Serum concentrations of cartilage oligomeric matrix protein and bone sialoprotein in hip osteoarthritis: A one year prospective study
- Thierry Conroziera,
- Tore Saxneb,
- Charles Shan Sei Fana,
- Pierre Mathieua,
- Anne-Marie Trona,
- Dick Heinegårdc,
- Eric Vignona
- aService de Rhumatologie, Centre Hospitalier Lyon-Sud, Pierre-Bénite, France, bDepartments of Rheumatology, cand Cell and Molecular Biology, dLund University, Lund, Sweden
- Dr T Conrozier, Service de Rhumatologie Pavillon 2B, Centre Hospitalier Lyon-Sud, 69495, Pierre Benite cedex, France.
- Accepted 20 July 1998
OBJECTIVE To evaluate serum concentations of cartilage oligomeric matrix protein (COMP) and bone sialoprotein (BSP) as predictors of disease progression in hip osteoarthrtitis (OA).
METHODS Forty eight consecutive patients, referred to hospital for symptomatic hip OA, (ACR criteria) were monitored in a one year prospective trial with radiographs and serum samples. The radiographs were graded for joint space narrowing, osteophytes, and sclerosis and the joint space width was measured by a digitised image analyser. Serum COMP and BSP were quantified by immunoassays.
RESULTS The COMP concentrations at baseline correlated with the joint space width at entry and with its yearly mean narrowing (r = 0.38, p = 0.002) but not with joint space narrowing grade progression. The concentrations were higher in patients with bilateral hip OA (p = 0.03). The serum BSP concentrations at baseline were unrelated to OA progression but correlated inversely to the osteophyte grade (r = −0.36, p = 0.004) and sclerosis grade ( r = −0.42, p = 0.0004).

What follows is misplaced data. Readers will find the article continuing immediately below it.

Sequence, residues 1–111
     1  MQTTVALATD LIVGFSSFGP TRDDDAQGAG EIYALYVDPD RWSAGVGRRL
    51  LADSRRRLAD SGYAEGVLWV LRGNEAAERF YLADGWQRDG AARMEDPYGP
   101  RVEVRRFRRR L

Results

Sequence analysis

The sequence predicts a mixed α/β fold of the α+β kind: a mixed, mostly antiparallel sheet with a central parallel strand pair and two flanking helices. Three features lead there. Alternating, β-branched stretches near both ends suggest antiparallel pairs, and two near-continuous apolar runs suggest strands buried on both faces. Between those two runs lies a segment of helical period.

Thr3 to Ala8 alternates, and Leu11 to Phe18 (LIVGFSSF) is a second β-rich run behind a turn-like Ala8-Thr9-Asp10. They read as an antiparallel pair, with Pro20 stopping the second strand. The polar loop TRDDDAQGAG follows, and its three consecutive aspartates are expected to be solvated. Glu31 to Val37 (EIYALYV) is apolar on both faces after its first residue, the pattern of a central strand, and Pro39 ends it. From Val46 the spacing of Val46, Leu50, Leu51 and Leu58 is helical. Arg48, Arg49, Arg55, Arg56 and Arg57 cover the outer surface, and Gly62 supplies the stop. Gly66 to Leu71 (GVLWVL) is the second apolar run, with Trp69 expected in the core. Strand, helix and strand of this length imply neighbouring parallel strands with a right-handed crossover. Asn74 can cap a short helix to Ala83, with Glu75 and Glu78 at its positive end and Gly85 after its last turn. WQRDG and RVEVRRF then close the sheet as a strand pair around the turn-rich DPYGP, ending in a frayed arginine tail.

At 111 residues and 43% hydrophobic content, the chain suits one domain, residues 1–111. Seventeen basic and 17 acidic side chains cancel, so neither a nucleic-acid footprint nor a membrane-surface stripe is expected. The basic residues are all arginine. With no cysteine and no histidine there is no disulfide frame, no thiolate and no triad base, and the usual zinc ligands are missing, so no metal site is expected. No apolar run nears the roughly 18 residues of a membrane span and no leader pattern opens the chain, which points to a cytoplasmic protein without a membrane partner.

CONCLUSION Serum COMP seems to be a surrogate marker of OA and may be of interest for the detection of patients at risk of rapidly progressing disease in hip OA. Serum BSP changes seem to reflect alterations in the subchondral bone turnover in hip OA. Measurement of joint space width using a digitised image analyser is a sensitive way of assessing OA progression that facilitates evaluation of tissue markers in relation to anatomical changes in the joint.
Grants were obtained from the French Society of Rheumatology, the Laboratoire Cassenne, France, the Swedish Medical Research Council, the Medical Faculty of Lund, the Axson Johnson, Österlund, Kock, Nanna Svartz, Crafoord and King Gustaf V 80-year Foundations and the Swedish Arthritis Foundation.